Breeding Wader Ecology

Lapwing, Curlew, Snipe and Redshank are primarily associated with a range of farmland habitats, particularly lowland wet grassland. All four are ground nesting birds, nesting on damp or dry land, generally within the field and away from the perimeter. Lapwing nest in a shallow scrape with little or no lining in very short grass or bare ground; Redshank in tussocks, usually grass - of the type left by cattle when grazing a field, while Curlew tend to nest in or beside such tussocks. Snipe typically nest in rush, sedge or grass tussocks.

Breeding waders generally prefer open fields with clear views and an absence of hedges or stand alone trees or bushes, which can be used as perching posts by avian predators. This is particularly so for Lapwing, whose nests are the most visible. 

Lapwing nest © A. Copland

Redshank nest © A. Copland

Chicks are self feeding and leave the nest as soon as all four hatch. They feed on aquatic invertebrates; ideal chick feeding habitat is wet, muddy areas, with sparse vegetation, a high water-table or shallow gradient into areas of standing water such as rivers, drains or lakes. These conditions can be easily created by stock grazing and / or drinking from the edges of a river or drain. Adults lead their chicks to suitable feeding areas, keep watch for predators and brood them at night or during poor weather.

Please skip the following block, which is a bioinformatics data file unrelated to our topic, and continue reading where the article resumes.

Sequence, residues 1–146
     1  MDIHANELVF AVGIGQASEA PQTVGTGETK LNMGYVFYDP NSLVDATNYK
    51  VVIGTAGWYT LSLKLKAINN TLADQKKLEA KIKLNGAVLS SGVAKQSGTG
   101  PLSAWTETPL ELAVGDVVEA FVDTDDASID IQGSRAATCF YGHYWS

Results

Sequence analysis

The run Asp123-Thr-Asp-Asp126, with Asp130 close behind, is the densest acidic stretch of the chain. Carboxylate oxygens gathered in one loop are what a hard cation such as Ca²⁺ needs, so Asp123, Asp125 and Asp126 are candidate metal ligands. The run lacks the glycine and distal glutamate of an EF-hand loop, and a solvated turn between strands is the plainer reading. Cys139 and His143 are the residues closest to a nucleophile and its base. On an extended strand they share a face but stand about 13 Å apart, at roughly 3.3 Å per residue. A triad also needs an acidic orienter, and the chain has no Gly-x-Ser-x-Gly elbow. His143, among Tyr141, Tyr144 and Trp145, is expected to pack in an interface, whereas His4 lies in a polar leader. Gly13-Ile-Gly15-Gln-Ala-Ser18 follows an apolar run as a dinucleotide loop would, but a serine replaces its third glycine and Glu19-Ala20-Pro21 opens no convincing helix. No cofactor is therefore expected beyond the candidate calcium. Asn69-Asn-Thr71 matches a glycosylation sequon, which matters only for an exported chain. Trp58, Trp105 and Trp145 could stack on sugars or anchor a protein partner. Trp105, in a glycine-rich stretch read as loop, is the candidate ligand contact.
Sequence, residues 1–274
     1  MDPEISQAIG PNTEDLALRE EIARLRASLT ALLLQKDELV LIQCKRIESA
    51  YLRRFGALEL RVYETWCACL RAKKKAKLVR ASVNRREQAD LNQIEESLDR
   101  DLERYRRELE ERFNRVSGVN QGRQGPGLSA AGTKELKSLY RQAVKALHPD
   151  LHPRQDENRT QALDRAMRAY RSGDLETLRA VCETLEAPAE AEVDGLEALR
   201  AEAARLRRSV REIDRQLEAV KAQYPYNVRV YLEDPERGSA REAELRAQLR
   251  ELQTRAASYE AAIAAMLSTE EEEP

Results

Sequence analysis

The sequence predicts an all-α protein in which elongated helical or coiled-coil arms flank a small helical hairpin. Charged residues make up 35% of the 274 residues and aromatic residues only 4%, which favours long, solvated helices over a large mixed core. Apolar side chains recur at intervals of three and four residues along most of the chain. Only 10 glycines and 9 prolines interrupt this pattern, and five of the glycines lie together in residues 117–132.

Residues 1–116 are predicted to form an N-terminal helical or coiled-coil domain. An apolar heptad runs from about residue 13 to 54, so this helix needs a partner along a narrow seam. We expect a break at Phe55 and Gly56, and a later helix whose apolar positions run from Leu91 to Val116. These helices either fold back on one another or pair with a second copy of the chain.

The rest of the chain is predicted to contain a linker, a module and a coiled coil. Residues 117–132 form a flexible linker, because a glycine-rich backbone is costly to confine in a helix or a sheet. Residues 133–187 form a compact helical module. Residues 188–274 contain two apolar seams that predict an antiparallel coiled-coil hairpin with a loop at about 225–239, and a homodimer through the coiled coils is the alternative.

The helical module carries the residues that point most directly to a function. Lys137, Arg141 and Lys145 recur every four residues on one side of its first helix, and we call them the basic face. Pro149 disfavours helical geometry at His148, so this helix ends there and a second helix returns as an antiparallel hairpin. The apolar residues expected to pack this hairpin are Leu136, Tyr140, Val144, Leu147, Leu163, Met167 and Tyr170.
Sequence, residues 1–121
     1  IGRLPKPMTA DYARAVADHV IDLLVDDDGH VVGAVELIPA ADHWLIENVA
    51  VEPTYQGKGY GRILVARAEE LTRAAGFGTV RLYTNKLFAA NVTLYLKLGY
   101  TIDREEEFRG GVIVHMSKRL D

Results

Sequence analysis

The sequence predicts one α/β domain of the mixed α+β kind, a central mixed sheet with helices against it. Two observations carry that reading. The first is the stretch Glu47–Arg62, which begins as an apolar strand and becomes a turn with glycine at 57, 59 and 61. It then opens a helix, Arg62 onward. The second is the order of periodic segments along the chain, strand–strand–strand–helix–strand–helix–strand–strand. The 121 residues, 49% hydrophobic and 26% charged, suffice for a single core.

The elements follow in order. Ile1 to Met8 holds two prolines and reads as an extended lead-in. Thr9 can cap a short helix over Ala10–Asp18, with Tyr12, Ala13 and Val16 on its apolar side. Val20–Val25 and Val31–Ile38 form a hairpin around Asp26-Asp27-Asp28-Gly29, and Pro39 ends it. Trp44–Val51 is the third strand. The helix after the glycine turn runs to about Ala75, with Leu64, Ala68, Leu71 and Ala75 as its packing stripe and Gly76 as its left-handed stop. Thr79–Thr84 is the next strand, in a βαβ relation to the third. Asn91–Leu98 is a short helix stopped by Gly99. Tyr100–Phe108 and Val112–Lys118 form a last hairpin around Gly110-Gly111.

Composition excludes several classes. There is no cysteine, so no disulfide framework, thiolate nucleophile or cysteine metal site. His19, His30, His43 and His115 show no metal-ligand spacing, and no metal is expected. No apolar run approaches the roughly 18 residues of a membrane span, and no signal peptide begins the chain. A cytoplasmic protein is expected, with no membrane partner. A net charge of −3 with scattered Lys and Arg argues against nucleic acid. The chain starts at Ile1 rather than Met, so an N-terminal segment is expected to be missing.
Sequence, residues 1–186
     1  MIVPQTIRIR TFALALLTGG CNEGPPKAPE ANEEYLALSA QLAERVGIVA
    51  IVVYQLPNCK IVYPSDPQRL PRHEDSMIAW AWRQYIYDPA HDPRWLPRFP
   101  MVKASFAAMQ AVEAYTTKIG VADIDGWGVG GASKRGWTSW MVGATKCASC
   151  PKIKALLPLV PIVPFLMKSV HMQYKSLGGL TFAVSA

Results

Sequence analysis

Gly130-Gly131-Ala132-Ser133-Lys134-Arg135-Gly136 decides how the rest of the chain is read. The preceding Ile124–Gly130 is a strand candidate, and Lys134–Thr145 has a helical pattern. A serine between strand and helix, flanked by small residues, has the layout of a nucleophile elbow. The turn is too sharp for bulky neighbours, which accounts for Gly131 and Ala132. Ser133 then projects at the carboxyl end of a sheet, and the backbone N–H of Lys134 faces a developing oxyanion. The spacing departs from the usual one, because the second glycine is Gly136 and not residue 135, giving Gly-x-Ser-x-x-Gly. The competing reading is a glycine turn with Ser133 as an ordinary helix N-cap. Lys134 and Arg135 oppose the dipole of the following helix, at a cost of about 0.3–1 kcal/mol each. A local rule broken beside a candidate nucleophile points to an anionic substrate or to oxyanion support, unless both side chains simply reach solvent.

Chick feeding habitat © K. Finney

In the Callows pair formation starts around the beginning of February for Redshank who are often the first to return from their wintering grounds. Redshank breed for life (determined as 5 years, although they can live longer than this and consequently can have more than one partner over their lifetime). Often birds return to the same area as the previous year’s nest site to meet up and breed. New pair formation is a time consuming and noisy affair for Redshank, males spending much of their time displaying to attract a female. After a successful engagement period of about four weeks a pair bond is formed which will be re-established each year, unless the birds divorce and pair again! Lapwing and Snipe form a new pair bond each year, as do Curlew (although there is evidence to suggest that some Curlew re-establish bonds over successive years). Late February and March is a nosy time at key breeding sites (such as Inishee Island, Co Galway) as all four species display, establish a pair bond and defend their territories.    

No comments:

Post a Comment